Do British People Walk on The Right?

Just wondering-they drive on the LHS-do they extend this to walking?
In London, should you walk on the RHS or LHS?

Do you mean in the street? So far as I am aware there are no rules or laws about this, in Britain or any other country that I know of. Are there where you are? If you bump into someone while walking you are unlikely to kill or injure them, so it really is not as pressing an issue as it is with cars.

I’m not sure about Britain, but when I moved to New Zealand (where they also drive on the left) I found I was constantly bucking the flow of pedestrians on sidewalks because as an American I walked on the right. After awhile I adjusted and began walking on the left like everyone else.

In New York (where I’m from), people habitually walk on the right on sidewalks. If you try to walk on the left side of the sidewalk you will continually be dodging people. It’s not a law, but it certainly is an unwritten convention.

Pedestrians on Fifth Avenue

Around Asia, people lean to the right on escalators to let the impatient ones move ahead.

I had exactly the same experience, and furthermore remember escalators being “left handed” as well.

Here in the UK we have vicious gangs of “keep left” signs, but whether these exist to fight our natural instinct to keep on the right, or instead exist to reinforce our tendency to walk on the left, I know not.

On a caveman level it makes sense to pass someone on the left, because you can swipe at them with your right hand if they attack you.

My natural instinct is to walk on the outside, and use my judgement based on the prevailing traffic flow.

On escalators on the tube stand to the right, overtake (by walking) on the left.

Otherwise walk however you like, there’s absolutely no rules at all, spoken or unspoken.

You stand on the right if you are on the escalator, and walk on the left of it, if you wish to walk.

As an American, when I lived in London I found that the stand right/walk left rule applied on the escalator. On the sidewalk, I never found there was any custom at all.

i’v mentioned before that I was in London for about 24 hours, and was constantly screwing up the people walking in the hallway of the building I was in because I was wanting to walk on the wrong side of the hallway.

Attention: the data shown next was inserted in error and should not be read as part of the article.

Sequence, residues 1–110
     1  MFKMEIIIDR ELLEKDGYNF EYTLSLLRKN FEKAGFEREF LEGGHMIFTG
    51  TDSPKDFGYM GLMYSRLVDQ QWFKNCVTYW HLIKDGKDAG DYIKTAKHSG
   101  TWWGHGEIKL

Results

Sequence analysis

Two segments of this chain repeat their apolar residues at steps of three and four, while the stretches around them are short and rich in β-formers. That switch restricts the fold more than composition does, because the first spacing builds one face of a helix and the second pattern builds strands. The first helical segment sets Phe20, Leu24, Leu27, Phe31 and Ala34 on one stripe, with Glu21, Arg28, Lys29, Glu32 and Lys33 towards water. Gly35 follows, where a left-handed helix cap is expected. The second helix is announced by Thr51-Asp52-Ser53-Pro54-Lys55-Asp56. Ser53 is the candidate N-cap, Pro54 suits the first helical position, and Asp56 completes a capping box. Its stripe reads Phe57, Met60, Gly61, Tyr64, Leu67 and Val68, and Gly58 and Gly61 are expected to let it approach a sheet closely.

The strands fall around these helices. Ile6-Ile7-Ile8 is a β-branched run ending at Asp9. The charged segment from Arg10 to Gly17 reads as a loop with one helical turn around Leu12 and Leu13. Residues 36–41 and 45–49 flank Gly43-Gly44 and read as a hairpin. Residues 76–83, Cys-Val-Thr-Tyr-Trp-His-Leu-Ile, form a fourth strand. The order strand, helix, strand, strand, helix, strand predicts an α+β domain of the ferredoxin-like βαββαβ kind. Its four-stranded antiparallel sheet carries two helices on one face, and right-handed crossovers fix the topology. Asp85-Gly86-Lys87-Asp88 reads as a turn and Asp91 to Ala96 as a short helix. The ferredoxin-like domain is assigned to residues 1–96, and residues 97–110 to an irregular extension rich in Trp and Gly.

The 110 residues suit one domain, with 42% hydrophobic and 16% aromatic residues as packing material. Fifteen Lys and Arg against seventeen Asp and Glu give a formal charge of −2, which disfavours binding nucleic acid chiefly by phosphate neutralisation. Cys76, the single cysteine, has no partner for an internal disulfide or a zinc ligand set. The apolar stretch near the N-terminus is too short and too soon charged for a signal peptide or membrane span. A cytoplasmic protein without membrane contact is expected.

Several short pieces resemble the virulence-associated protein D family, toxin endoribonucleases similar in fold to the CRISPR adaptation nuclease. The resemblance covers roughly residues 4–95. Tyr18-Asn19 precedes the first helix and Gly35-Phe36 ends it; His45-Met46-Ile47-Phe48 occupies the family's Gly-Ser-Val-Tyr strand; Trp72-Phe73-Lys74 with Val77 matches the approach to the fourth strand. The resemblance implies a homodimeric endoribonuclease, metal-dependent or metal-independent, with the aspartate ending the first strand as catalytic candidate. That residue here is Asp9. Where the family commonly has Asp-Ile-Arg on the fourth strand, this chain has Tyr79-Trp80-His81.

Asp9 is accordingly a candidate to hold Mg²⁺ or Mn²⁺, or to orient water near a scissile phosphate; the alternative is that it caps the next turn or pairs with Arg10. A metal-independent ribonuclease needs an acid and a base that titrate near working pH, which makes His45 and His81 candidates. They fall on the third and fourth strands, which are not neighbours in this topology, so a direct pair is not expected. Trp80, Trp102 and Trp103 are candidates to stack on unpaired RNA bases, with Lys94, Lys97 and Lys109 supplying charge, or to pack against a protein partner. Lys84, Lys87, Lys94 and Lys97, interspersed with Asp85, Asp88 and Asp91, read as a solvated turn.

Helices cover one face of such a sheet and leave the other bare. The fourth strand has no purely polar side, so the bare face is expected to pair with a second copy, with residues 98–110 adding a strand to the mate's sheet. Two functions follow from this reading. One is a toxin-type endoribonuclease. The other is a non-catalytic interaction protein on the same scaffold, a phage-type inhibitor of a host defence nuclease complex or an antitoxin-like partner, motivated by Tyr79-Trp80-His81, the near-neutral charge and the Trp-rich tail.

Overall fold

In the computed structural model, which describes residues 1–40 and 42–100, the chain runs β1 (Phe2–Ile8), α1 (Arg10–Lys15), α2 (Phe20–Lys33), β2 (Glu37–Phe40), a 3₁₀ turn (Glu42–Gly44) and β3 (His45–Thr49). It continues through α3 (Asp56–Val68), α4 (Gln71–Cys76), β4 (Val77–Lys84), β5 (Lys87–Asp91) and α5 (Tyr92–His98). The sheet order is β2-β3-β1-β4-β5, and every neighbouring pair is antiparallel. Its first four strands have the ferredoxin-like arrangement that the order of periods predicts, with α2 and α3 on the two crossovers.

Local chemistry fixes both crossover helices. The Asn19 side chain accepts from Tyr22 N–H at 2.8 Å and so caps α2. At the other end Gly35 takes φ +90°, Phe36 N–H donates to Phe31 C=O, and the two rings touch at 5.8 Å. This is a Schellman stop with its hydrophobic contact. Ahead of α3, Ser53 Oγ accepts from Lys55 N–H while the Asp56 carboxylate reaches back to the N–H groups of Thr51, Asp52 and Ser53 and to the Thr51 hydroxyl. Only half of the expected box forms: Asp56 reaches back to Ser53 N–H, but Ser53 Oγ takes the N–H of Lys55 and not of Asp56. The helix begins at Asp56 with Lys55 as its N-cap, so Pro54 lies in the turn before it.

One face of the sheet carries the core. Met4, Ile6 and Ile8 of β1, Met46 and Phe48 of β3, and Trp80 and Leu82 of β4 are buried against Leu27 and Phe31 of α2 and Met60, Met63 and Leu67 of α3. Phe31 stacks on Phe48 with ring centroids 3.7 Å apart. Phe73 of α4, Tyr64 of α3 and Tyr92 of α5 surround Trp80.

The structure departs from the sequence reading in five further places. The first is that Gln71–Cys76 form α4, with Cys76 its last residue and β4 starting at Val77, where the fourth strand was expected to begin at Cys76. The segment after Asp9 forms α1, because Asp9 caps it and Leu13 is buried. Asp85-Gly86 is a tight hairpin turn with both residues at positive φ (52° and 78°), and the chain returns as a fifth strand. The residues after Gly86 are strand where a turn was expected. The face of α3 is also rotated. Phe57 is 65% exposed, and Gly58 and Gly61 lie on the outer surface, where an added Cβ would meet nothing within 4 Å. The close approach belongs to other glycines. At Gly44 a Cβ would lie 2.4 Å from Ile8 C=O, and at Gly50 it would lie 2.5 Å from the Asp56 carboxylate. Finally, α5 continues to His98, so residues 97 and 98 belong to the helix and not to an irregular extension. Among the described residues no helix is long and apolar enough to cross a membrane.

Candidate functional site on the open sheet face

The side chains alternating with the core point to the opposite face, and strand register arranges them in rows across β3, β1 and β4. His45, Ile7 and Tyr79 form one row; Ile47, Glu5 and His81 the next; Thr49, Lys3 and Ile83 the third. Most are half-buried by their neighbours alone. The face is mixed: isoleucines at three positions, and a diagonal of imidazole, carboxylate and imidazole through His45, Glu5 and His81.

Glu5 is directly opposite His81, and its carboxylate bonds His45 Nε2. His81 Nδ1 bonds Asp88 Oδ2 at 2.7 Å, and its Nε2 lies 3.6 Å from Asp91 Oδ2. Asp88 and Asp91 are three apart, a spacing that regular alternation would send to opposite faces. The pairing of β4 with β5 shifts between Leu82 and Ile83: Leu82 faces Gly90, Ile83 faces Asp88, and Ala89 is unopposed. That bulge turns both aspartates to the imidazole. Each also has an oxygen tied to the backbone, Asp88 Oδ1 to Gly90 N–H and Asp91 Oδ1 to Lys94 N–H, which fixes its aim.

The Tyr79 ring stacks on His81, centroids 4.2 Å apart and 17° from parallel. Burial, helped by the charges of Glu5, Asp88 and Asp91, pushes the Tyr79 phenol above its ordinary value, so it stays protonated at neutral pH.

Yes, people in UK walk on the other side of the hallway.

My favorite snark for when people are walking on the wrong side of a hall or sidewalk is “What side of the road do you drive on?”. I gotta assume it’s pretty much universal courtesy. Drive on the right, walk on the right. Drive on the left, walk on the left.

Gah, I wish they would pick a direction. I was just in Glasgow and London; I naturally assumed that I would have to adjust my walking habits to match their driving , and consciously did so. Glasgow was a little better, but in both places the walking direction was completely random. I thought maybe that there might be enough clueless tourists in the touristy places I visited to throw off the pedestrian traffic flow, but even clearly English blokes were coming right at me as I kept to the left.

I’m pretty sure there was a relatively recent thread on this subject, but my lazy searching only found this one from 2006, which refers to two earlier threads:

No, you just happen to have have seen a traffic pattern that had established itself that way on that particular occasion in that location. On another day it might well have been the other way.

I agree with Confused dart cum. Apart from on escalators, there are no rules, written or unwritten. However, in crowded situations, and where people are being reasonably polite and considerate to one another, traffic patterns will spontaneously and temporarily form.

Maybe Americans need such rules, or else the shooting will start, or something. We Brits (and, I expect New Zealanders) don’t.

Our last thread on this topic, back in March. The thread before that, from Dec. 2011.
Peter Kincaid addresses this in his book The Rule of the Road: An International Guide to History and Practice. Greenwood Press, 1986. ISBN 0-313-25249-1, LC 86-354. From p. 37:

“in places where no rule is enforced there seems to be a natural tendency for pedestrians to keep to the right, whichever rule is observed by road traffic… . Whether or not this practice results from a natural tendency of a right-handed person to turn to the right, I cannot say. This practice was until recently recognized as a rule in England.”

From two weeks in London, I observed people walking like anyone else down a city sidewalk: generally yammering on the phone or slowly and four abreast with their friends, guarding their hexes against all comers in the fear that someone might try to break their line of defense. :smiley:

(People tended toward the left but walked any old where, really. It was looking to the left for traffic that kept throwing me.)

Except in Osaka, where several people I’ve met are, for some reason, damn PROUD that they stand of the left there.

As I said above, based on my personal observation during a three year residence including Wellington and Auckland, New Zealanders walk on the left.

I believe that Panamanians also tend to walk on the right (the same way they drive). However, the streets are rarely that crowded that clear traffic flow is discernible, and at any rate the streets themselves are pretty irregular.

Britain does seem to be rather odd in apparently not having a consistent pattern (although sometimes people say there is a tendency to walk on the left).

When walking along country lanes, you should “face oncoming traffic”, which means walking on the right. When walking anywhere with a pavement (sidewalk) there is no convention. However, there are a few busy places where people are encouraged by signs to walk on a particular side, such as the tube system.